Carl J. Schramm, who 10 years ago left a career in health-care and insurance consulting to take over the Ewing Marion Kauffman Foundation, has stepped down as president, the philanthropy announced today.
The $1.8-billion foundation, which supports entrepreneurship, said Mr. Schramm was leaving “in order to return to scholarship and business.”
Benno C. Schmidt Jr., a foundation trustee and former president of Yale University, will serve as interim chief executive.
Mr. Schramm’s early years at the foundation were marked by controversy.
He split with some board members and past foundation presidents over how much of the fund’s giving should focus on its home city of Kansas City, Mo.
Mr. Schramm wanted the fund to incubate entrepreneurship programs in Kansas City that could expand nationally; critics saw that approach as an abandonment of the Midwestern city and a misreading of the founder’s wishes. Three trustees resigned in 2003 after voting against a measure to retain Mr. Schramm.
The Missouri Attorney General opened an investigation into the philanthropy that same year after some trustees accused the foundation of offering a paid consulting position to a departing board member on the eve of the vote. The attorney general ultimately cleared the Kauffman foundation of any wrongdoing but said it should more clearly state its commitment to Kansas City and strengthen its ethics policies.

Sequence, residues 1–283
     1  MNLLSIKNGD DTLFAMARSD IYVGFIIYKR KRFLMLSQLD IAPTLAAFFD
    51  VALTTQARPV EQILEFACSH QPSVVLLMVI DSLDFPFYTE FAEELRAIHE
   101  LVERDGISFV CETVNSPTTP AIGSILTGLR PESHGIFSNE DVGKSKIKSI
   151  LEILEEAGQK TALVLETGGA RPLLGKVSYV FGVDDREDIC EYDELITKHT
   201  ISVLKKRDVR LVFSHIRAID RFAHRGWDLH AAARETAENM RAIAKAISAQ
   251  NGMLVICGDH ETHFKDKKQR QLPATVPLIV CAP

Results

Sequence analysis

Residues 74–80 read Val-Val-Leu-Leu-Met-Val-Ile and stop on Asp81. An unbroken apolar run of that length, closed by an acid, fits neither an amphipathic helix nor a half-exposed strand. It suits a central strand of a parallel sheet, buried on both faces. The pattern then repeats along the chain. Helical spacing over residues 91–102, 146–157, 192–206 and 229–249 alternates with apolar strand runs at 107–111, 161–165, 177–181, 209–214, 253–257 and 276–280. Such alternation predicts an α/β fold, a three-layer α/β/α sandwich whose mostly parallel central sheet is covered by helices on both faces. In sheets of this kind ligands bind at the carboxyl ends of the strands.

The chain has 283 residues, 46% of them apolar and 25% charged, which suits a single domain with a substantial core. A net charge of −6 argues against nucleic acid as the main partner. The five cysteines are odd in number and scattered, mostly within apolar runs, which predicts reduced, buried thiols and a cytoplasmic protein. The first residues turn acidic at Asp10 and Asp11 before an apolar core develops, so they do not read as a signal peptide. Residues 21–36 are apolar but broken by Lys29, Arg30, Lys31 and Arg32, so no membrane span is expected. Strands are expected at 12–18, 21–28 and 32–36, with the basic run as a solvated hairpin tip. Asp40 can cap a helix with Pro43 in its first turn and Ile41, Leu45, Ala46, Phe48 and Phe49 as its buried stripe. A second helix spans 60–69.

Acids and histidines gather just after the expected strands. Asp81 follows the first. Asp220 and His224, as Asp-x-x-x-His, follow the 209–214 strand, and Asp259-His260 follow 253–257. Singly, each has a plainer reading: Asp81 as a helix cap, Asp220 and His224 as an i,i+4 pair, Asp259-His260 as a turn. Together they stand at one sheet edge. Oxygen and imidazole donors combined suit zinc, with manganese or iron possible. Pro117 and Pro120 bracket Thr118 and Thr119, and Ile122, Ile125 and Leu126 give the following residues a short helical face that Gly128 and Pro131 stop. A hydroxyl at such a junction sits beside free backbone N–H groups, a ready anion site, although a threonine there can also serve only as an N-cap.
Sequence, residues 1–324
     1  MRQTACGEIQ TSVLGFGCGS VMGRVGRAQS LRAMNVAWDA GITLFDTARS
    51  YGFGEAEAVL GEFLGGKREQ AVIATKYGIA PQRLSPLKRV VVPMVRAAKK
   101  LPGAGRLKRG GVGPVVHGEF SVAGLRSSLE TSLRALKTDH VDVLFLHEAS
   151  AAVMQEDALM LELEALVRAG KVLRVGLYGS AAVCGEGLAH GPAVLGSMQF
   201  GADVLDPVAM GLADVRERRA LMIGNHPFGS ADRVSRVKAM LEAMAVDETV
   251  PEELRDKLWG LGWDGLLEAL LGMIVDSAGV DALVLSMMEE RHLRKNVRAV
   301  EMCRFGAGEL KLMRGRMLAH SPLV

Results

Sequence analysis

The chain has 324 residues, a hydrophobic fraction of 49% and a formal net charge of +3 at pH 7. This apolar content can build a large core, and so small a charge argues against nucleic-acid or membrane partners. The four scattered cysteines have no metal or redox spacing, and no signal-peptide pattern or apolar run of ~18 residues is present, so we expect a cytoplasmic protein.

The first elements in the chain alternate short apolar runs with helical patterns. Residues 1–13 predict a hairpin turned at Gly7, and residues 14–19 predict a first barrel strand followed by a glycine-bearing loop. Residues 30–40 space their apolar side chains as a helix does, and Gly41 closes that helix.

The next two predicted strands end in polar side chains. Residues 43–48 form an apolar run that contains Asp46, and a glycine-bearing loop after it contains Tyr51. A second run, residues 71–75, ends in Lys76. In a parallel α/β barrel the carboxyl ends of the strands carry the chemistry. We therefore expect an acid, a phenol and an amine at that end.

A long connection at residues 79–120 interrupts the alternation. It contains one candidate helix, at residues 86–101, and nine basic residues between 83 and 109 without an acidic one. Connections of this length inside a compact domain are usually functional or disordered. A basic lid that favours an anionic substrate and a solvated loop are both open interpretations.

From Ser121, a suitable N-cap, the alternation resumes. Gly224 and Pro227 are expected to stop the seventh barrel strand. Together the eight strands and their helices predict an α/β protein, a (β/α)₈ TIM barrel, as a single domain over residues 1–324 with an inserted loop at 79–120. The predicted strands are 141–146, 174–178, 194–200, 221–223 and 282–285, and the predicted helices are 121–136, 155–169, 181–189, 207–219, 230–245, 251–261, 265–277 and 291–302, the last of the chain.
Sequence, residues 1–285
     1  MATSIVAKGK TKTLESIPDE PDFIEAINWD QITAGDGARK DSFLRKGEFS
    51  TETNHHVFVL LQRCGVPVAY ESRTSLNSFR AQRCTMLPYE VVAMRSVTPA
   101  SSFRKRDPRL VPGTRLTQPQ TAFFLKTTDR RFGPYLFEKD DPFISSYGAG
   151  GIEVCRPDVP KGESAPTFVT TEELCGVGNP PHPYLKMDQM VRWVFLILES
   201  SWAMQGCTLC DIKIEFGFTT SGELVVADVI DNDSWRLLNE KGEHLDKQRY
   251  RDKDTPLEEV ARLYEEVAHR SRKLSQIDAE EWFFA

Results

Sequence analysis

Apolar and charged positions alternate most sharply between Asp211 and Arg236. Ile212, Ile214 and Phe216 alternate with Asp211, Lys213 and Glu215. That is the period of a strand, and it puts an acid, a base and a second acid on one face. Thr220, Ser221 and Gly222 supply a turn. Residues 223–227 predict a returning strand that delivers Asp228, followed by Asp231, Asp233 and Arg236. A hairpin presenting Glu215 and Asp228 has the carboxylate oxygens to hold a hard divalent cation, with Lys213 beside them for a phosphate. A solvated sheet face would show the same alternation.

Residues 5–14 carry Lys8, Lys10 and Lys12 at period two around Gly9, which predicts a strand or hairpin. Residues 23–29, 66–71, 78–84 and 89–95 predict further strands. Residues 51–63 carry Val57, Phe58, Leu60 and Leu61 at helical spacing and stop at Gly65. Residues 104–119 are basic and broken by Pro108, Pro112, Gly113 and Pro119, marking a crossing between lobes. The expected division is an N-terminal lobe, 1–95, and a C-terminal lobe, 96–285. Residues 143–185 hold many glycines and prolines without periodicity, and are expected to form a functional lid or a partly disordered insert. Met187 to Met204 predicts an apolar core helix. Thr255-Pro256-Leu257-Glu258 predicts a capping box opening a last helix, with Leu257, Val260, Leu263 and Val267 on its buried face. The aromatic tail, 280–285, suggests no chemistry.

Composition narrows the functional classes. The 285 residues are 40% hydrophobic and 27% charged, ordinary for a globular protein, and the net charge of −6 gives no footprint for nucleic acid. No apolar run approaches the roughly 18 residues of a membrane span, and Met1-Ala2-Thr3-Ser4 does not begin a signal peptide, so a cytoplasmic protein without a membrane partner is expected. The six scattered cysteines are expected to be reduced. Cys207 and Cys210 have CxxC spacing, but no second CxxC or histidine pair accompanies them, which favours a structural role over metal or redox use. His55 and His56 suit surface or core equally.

During his tenure, Mr. Schramm reshaped the foundation’s giving.
He narrowed the fund’s youth programs to focus on education, particularly in the math and sciences; expanded its support of academic research on entrepreneurship; revamped the foundation’s signature scholarship program; and started a Global Entrepreneurship Week to celebrate start-up companies around the world.
“His service has expanded the influence of the Kauffman Foundation to have a truly global impact on the appreciation and development of entrepreneurship,” said Tom McDonnell, board chairman, in a statement announcing Mr. Schramm’s departure.